One comment actually answers this issue: insert higher-intensity intervals into your three 5km sessions per week and you will get faster!
But here’s a more detailed reply as to how to add a little spice to your weekly runs. I’ve prescribed two ways to make your 5ks more interesting and provided a pace-change suggestion for your long run.
ANAEROBIC ENDURANCE REPEATS
First off, session one. 5km. Do your usual warm-up for 8-12mins and then add in what I like to call ‘anaerobic endurance repeats’. These are typically 25secs to 2mins, and should be very, very, hard, very fast! But they can vary in length.
My suggestion is 2-3 sets, one at the beginning and one at the end, with some easy aerobic jogging in between. The return on this is that it really enhances that energy power house, the mitochondria, which proliferate around the muscle cells and improve the quality and functionality of your performance. You’ve got to have better mitochondria to be fast, basically! What kills mitochondria over time is long, slow distance as they become dysfunctional, and we don’t want that. When we do these short anaerobic efforts, the magical return on this high-intensity effort is huge!
LACTATE THRESHOLD SEGMENTS
The second 5km suggestion is to add a lactate threshold segment. Depending on your ability, this will be anything between 20 and 60mins of hard effort that you can hold for that length of time. To find this, quite often I’ll ask athletes what their 10km race time is. So say it’s 45 mins, they’ve probably worked hard for that as they’re fired up by race day and they want to beat their team mates. You’re working hard for the first 1km and then you’ll try and sustain it for the next 9km. Chances are, that’s your lactate threshold pace.
Within a 5km session, look to spend between 14 and 25mins on the lactate threshold segment. I suggest breaking this down and doing anything between 90secs to 3mins and mixing them up. So it could be an ascending rest set – e.g. Do 6 x 3mins with 1min rest in between each rep, then you might need a 2min break after each rep to still be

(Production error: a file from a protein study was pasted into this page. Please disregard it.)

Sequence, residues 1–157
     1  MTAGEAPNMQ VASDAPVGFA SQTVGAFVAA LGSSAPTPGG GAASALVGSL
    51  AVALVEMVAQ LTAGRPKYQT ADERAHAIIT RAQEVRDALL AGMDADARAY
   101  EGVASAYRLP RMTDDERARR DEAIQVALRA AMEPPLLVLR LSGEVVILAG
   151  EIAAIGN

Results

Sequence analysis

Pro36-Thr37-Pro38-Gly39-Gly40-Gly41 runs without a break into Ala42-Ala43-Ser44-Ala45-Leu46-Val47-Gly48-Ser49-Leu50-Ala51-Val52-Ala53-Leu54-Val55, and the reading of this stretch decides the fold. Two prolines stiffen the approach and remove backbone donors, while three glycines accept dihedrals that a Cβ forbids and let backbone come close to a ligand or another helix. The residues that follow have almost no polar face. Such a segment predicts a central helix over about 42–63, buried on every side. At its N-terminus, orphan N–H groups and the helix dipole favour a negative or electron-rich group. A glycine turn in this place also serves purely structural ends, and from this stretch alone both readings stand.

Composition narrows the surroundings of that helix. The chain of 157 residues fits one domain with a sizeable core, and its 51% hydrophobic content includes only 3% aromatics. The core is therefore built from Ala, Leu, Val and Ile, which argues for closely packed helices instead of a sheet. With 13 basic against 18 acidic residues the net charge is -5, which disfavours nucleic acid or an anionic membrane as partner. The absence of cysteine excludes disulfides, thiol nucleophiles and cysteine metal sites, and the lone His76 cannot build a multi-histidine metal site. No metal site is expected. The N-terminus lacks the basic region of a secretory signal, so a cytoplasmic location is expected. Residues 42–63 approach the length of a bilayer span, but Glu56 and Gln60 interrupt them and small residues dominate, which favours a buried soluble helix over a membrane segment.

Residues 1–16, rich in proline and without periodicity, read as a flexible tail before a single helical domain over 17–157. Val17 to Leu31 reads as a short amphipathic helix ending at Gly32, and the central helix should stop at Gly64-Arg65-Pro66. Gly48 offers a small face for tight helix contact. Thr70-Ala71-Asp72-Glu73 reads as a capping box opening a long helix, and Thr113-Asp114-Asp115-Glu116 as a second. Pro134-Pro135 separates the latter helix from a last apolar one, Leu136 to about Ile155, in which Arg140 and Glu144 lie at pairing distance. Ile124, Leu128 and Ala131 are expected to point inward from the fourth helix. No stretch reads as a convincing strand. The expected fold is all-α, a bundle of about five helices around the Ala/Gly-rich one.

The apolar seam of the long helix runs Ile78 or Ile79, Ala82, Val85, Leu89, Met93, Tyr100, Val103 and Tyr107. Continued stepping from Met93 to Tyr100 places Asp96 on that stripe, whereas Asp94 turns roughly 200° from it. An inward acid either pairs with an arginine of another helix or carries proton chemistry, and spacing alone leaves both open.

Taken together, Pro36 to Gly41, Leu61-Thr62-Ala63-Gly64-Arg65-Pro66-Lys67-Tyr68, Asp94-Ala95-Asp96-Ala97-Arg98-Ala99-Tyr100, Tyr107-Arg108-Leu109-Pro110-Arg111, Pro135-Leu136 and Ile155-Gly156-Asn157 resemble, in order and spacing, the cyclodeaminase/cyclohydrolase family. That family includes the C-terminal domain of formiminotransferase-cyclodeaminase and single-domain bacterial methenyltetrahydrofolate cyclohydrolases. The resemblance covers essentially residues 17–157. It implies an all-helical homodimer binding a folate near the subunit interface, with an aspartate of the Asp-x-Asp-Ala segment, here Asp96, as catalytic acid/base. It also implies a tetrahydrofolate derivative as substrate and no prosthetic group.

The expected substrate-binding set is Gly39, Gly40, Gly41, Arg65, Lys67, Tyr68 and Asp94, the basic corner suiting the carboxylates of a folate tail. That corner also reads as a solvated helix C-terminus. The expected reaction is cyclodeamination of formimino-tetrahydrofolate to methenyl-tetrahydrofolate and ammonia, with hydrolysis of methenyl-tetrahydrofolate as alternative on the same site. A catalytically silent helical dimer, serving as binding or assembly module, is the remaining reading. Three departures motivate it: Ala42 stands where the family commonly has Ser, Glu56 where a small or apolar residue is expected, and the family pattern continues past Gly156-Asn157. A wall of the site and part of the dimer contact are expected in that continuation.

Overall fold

able to hit your lactate threshold in those 3mins. But make sure you always give yourself enough rest to still be able to hit that pace.
The mistake many people make is to always run at the same speed, at a steady pace, and trying to add distance to each run. But I like to use three difference paces, to create a type of fartlek run. I call this ‘swing pace’ to help determine overall race pace.
So first of all, we’re going to include a very short section on this, like a little spike. Maybe 30-45secs at lactate threshold pace.
The next pace is slightly below that, approx. 5-6% slower than LT. Do your math and figure it out!
The last pace is race pace. Now interweave the three paces into your long run and mix them around.
This type of training, ‘swinging pace’, really helps you determine pace. You should already know what your heart rate and your sweat rate feels like at a certain pace. So in a race, you’ll know you’re hitting the right pace because again you’ll know how it feels.
It also really helps you monitor your food/fluid intake – and most importantly, when you’ll need to take in extra fluids – and how to increase run pace when you need to, plus how to decrease it without losing too much speed.
And let’s not forget the bike, so make one of your weekly 5ks a brick session using this run session:
10mins fast running, increasing 1min each week at week 3. Maintain this progression for 10 weeks. Week 10 = 18mins of anaerobic endurance repeats. The extra 1min could be a 1min effort or broken into smaller segments. These can also be mixed up so the shorter repeats aren’t always on the end of the block.
10min warm-up; 50secs, 40secs, 5 x 30secs, 2 x 20secs with 4-8mins of easy jogging between each set. After each repeat jog very slowly for 40secs.
So there you go. A 5km run with anaerobic endurance repeats, a 5km run with lactate threshold segments and a swing pace long run. Good luck, I hope this all helps you get faster.
Dave Scott is the first 6x IRONMAN World Champion and a Master Coach of IRONMAN U. As the founder of the Dave Scott Multisport Institute, he dedicates himself to making triathletes of all levels faster and more efficient. Learn more at www.davescottinc.com